Effects of the autonomic nervous system on the circulation
The tone of the arterioles is regulated, amongst other things, by the sympathetic nervous system. An increase in tone is mediated the α1 receptors located on the smooth muscles of the arterioles. A reduction in the sympathetic activity leads to a reduction in the tone of the vessels and a drop in resistance causing a fall in blood pressure e.g. high spinal transection or spinal anaesthesia. An increase in sympathetic activity leads to an increase in vascular tone and resistance which leads to an increase in blood pressure (but a reduction in blood flow). This is similar to restricting the outflow from a garden hose which leads to an increase in resistance and pressure (water travels further), but a reduction in flow.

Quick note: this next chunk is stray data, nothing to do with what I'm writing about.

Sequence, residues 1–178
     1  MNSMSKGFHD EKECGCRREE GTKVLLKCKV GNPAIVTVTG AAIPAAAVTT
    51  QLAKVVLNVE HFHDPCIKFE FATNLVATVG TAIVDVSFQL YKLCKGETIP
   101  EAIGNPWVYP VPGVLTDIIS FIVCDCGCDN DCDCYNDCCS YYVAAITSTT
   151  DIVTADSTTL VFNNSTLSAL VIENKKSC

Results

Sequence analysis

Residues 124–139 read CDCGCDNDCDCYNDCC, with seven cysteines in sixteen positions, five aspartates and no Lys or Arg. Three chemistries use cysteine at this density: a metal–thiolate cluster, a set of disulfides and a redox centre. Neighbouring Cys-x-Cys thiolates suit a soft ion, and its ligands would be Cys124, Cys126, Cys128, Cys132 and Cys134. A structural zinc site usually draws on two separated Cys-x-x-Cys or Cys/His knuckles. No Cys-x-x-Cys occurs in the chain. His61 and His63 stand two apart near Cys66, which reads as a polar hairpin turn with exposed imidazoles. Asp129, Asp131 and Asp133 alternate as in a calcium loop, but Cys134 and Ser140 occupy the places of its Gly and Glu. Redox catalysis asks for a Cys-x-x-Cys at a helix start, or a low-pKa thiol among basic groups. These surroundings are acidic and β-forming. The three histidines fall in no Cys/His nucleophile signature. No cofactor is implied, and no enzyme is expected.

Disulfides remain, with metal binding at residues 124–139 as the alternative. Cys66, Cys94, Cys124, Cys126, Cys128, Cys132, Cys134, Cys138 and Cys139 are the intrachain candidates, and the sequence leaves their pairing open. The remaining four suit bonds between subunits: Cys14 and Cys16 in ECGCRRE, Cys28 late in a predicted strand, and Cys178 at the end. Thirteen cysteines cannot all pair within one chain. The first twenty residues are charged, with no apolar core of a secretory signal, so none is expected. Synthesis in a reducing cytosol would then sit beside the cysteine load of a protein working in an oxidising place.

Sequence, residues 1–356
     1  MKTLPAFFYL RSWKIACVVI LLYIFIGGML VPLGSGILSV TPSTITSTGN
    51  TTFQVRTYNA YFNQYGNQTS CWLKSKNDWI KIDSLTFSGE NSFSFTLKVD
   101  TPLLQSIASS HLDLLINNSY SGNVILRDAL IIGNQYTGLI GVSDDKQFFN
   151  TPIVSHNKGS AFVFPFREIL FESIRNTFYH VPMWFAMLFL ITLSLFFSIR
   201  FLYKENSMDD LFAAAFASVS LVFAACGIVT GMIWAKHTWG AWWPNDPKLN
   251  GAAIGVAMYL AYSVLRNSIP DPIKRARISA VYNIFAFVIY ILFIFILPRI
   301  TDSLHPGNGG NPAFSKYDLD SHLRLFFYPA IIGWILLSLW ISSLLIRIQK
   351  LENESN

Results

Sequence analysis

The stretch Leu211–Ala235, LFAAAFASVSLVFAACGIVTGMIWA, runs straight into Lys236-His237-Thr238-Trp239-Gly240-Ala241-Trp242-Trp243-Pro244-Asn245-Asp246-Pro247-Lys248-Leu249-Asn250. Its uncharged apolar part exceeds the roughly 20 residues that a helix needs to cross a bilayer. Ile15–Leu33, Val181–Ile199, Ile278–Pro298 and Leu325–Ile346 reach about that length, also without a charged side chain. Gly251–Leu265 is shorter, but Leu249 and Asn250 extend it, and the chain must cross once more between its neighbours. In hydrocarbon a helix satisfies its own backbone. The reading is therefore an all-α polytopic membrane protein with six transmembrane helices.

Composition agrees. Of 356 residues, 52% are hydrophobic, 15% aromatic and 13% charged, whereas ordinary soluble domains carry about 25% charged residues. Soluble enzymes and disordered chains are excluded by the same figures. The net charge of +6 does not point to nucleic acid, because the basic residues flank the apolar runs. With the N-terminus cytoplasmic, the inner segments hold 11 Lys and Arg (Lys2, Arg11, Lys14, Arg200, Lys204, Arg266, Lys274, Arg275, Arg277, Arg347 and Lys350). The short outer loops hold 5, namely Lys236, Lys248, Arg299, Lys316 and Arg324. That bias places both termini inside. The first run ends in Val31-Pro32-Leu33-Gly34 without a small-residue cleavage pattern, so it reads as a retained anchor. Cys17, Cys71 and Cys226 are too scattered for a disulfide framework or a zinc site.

Stimulation of ß2 receptors present in some vascular beds e.g. muscles, lungs and heart leads to vasodilatation. This vasodilation improves blood supply which is essential for the fight or flight response. Almost all other vascular beds have a higher proportion of α1 receptors with the end result of vasoconstriction when there is an increase in sympathetic activity. This leads to an increase in the peripheral vascular resistance.
There are no significant parasympathetic effects on the circulation.